No Such Thing As “Perfect”!

tAG_22388This is something that I preach often to my friends, whenever they get so caught up in being “perfect” in their life endeavors. I’m very sure that I get on their nerves, as I bark my idea at them until I’m blue in the mouth! Oops. ;^_^>

I can’t stand to see my friends in mental pain, agonizing over every little detail of their plots, and becoming so anxious that they began to fall apart emotionally. Especially, when there’s no real reason to do so. It’s okay to gain the grade “B” on your test in university, it means that you’ve passed, it doesn’t mean that you’re somehow inferior because it wasn’t an “A+”.

If it’s not going to affect your GPA and you will still earn that degree, then being “perfect” is irrelevant. I hardly think that an employer is going to read over exam scores and say, “Hmm… you got a B on that one quiz, so no… I don’t think I’ll hire you!” I’m just saying. >_>

It’s not just universities, but I’ve noticed that my peers often worry too much about the idea of being “perfect”; within their looks, attitude, relationships, eating habits, weight, and so on. I have learned that the concept doesn’t actually exist, not in reality nor in nature. Perfection is a very fantasy concept overall. At least, that’s what I personally believe.

It reminds me of an Alan Watts lecture (see video: here), we all seem to be placed in a terrible system of wanting “the perfect life”, sometimes referred to as “The American Dream” in the US. This translates into: a series of high education, impressive diplomas, a high class career, a few fancy vehicles, the huge house with a white picket fence, the perfect spouse, 2.3  children, a dog, a cat, and a fishbowl. Whew… ;u_u

What really happens in reality is that most people strive for this “perfect” package and wind up with a partial of it, They may have the impressive education, diplomas, and career. However, someone neglected to tell them that because a person has to focus all of their energies into their education and career, there’s very little time for socialization or romance. That huge house with the picket fence may seem a tad empty.

Or if a person does manage to find someone, they will have to deal with the resentment of their spouse and children, for the lack of time they have to spend with them, while pursing education and keeping top careers. Rarely do the two work out “perfectly” together. There are issues that come along with that package, I’ve observed.

Then I’ve noticed that most people go for the family part of the “perfection” package first, finding true love and having children, working careers that aren’t the top-shelf ones to gain that huge house and the few cars that they struggle to pay for. They often struggle to find the time between raising children and paying their bills, with not much focus to spare in pursing top education and careers.

kiri_and_iri_hd_8533I haven’t met a person yet who was able to “have it all”, without any issues or struggles, and that everything is “perfect”. There are the lucky few who do pull off a tightrope balance of having the education, grand career, family life, etc. However, I’ve noticed that either “existential crisis” or mid-life crisis crops up for them, as they had very little time to pursue things concerning their own passions.  Life is a musical thing and we are suppose to sing or dance along with it.  Otherwise, a person could miss everything in life.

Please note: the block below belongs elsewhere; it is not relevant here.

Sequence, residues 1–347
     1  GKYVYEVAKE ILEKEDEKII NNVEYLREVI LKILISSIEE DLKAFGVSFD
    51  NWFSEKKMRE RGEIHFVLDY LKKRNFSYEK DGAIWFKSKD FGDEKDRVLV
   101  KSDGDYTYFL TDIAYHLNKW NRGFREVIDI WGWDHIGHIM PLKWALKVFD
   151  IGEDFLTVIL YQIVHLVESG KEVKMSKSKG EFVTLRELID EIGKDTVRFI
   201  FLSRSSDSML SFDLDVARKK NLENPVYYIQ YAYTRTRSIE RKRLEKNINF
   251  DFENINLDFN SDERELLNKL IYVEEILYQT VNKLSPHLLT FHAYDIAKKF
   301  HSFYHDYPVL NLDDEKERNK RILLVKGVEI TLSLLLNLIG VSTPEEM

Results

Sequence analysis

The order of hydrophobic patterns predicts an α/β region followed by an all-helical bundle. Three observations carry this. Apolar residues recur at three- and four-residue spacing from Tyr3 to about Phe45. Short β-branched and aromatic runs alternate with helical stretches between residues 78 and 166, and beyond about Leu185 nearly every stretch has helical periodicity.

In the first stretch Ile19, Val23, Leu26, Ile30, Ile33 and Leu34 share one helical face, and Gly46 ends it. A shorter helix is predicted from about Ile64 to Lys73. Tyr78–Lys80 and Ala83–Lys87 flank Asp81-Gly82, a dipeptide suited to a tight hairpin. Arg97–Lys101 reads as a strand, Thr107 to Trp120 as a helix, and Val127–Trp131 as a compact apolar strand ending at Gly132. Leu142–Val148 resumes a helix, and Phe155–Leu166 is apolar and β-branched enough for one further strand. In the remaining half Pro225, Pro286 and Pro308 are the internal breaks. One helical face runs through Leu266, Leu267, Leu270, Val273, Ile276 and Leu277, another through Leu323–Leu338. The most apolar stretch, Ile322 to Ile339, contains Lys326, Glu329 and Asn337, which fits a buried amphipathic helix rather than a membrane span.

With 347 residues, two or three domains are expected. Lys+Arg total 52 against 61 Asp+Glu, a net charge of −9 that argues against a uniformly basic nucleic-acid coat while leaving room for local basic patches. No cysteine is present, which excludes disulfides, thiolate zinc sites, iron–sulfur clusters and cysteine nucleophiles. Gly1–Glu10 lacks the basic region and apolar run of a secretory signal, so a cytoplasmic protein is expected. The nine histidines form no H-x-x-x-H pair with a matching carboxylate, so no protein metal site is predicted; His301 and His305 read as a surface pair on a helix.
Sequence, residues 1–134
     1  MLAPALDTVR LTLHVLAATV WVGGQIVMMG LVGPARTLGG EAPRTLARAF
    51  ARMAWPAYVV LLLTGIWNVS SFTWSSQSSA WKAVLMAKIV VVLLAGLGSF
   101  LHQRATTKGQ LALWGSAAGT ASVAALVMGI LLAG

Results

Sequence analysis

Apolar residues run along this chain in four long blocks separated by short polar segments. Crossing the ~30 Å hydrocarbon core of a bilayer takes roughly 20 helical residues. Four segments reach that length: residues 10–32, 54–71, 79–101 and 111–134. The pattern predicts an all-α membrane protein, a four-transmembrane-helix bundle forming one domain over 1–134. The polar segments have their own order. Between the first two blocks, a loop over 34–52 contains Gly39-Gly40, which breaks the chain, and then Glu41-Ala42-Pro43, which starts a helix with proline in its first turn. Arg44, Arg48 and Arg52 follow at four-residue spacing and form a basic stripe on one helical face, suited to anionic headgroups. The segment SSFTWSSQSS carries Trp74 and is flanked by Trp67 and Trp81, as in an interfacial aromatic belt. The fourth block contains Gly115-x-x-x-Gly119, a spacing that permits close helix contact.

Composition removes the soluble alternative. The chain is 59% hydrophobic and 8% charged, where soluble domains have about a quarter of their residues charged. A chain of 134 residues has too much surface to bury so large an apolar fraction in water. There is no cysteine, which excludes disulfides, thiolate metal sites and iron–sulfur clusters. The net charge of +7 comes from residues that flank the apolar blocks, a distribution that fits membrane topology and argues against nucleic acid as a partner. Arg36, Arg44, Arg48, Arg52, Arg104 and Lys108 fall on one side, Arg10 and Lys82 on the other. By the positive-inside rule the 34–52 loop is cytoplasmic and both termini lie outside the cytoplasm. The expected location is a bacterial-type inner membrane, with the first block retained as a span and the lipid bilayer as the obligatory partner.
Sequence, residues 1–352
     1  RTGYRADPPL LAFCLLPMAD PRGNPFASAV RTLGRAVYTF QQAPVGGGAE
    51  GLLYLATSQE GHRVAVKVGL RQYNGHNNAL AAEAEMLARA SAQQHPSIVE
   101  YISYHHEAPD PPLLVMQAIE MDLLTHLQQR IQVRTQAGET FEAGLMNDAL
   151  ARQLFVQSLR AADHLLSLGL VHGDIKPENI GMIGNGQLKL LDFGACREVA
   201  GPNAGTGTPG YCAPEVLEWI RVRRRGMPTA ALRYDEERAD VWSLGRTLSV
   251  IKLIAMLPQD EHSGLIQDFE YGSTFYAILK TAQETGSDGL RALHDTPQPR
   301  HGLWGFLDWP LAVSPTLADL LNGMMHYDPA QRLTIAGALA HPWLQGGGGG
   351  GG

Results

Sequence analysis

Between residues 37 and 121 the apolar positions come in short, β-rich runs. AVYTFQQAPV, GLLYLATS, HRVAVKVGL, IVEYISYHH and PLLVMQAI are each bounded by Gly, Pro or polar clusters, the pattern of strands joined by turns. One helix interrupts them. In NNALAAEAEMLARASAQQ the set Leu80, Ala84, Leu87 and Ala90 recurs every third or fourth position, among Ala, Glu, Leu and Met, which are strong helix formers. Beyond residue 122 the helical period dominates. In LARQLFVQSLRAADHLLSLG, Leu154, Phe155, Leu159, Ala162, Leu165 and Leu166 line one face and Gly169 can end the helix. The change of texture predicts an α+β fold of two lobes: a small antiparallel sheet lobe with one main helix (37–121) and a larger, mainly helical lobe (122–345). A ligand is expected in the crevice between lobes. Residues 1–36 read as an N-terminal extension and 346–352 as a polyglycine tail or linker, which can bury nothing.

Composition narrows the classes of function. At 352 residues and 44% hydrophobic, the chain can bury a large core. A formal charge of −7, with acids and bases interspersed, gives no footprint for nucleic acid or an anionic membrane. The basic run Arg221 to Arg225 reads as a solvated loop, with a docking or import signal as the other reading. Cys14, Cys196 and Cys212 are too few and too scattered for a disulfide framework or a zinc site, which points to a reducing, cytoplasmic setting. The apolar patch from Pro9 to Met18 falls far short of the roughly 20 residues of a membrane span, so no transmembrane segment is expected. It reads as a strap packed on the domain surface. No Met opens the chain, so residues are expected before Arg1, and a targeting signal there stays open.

So, I don’t believe in perfection at all, I’ve learned that it doesn’t exist. When I was younger, I did buy into that whole “perfection” idea, I wanted the house, the 2.3 perfect children, the impressive career, and the perfect spouse that never did or said anything wrong. I did earn the cat, dog, and fishbowl part though! However, I freaked out over grades, over career choices, over money status, always worried about “the future”!

I worried so much that I couldn’t focus on the “now” or the people I had limited time with. I didn’t sing or dance in that time of my life, I worked all the time, trying to win some perfect prize, missing out on what life is really about. I had my existential crisis in my mid-twenties, although I wish it was a bit sooner! Better late than later, I guess. :-P

I sometimes use the word “perfect” to describe something, but what I really mean is “brilliant” and that I do like something very much. The word and idea itself has become a figure of speech to me. That’s NOT to say that people shouldn’t believe in perfection if they want to, this is just my personal view and experience of this subject.

Maria-sama-surprise-hugI’m also not saying that I believe that people shouldn’t have goals in life, to have educations, to strive to gain something “perfect” in their lives. Not at all. What I nudge my friends about is that they shouldn’t fall apart if they gain a “B” in their grade of life. Their world won’t explode and they won’t go flying out into orbit. It’s okay! BREATH! ^_^

Life is about being happy within it, for as long as you get to keep your life, and experiencing love from another as well as being able to return that love to others. It’s not about having the “perfect” picture of what society deems as “the dream”. It’s about what YOU want and what you wish in your life in order to be happy. Or so, that’s what I believe for myself, anyway.

I’ve long let go of the idea of chasing perfection and I feel free. I feel contentment. I feel happy, most of the time, as happiness is never “perfection” nor a constant. I strive to be happy in life more times than I am sad because it’s more realistic, as sadness is a part of life regardless, no matter how “perfect” a situation may seem to be. I’ll keep moving forward to find more happiness and to explore new philosophies.

Thanks for reading! ^_^



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